A woman has undergone a uterus transplant for the first time in the United States.
The team of transplant surgeons and gynecological surgeons carried out the 9-hour operation at Cleveland Clinic last Wednesday, February 24. The identity of the 26-year old patient has not been publicly released. However, she was said to be in a “stable condition” by Thursday afternoon.
The procedure aims to enable women who were born without a uterus, or have undergone a hysterectomy (surgery to remove a woman's uterus after trauma or illness), to become pregnant and successfully give birth. Once the woman has one or two children, which will be delivered by cesarean section, she will undergo another procedure to remove the uterus.
An illustration of the uterus. Cleveland Clinic.
The world’s first uterus transplant was performed on a woman in Sweden in 2012. Nine women in Sweden have since received this operation. Promisingly, at least four of these women have gone on to have successful pregnancies.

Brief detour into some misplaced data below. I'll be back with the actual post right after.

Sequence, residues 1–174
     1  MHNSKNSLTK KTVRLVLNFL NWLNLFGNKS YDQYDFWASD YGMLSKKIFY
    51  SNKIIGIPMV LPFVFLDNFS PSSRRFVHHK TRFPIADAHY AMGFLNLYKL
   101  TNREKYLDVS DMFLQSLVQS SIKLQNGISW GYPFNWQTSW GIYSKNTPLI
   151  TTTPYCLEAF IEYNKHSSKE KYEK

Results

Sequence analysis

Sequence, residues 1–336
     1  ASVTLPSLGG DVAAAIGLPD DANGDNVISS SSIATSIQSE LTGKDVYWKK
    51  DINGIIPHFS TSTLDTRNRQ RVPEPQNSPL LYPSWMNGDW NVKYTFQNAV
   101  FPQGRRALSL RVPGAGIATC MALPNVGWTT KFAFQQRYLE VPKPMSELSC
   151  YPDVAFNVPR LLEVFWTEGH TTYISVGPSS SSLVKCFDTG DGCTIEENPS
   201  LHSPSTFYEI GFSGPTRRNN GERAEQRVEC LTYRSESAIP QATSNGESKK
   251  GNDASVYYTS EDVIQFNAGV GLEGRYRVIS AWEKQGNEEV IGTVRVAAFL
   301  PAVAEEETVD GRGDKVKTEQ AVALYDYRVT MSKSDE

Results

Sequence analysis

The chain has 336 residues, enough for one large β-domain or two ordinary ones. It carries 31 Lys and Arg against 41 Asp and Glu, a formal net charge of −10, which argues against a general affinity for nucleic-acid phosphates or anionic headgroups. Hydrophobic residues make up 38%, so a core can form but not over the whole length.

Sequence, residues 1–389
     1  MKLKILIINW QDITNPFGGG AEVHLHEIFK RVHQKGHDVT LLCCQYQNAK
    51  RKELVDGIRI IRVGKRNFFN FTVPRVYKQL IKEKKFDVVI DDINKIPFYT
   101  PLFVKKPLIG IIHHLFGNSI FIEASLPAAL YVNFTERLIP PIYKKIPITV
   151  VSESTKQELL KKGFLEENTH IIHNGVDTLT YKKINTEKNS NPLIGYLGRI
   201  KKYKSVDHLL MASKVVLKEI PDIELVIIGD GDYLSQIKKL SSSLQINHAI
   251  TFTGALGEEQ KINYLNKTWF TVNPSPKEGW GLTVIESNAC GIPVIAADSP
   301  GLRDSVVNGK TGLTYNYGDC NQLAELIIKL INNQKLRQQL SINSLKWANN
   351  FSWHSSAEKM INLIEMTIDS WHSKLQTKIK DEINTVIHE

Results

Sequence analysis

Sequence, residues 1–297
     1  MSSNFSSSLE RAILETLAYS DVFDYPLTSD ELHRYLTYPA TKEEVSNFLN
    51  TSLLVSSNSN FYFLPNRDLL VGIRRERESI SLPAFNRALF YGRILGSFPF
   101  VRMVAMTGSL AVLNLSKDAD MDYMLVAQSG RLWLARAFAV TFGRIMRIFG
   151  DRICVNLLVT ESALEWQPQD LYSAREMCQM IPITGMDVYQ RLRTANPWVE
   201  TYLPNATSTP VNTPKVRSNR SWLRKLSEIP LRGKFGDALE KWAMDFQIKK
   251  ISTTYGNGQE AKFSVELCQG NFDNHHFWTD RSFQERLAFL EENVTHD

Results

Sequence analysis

Although the finer details of this operation have not yet been released, the Cleveland Clinic’s previous clinical trials for the operation suggest the donor was deceased. This is in contrast to the Swedish operations, all of whom received a uterus from a living donor, typically family members who have a compatible blood group.
The Cleveland Clinic has said that 3 to 5 percent of women worldwide suffer from Uterine Factor Infertility (UFI), where abnormalities in the uterus prevent a woman from becoming pregnant. Late last year, the clinic said they hope to carry out a total of 10 uterine transplants for their research study, with the hope of making it a common option for women with UFI in the future.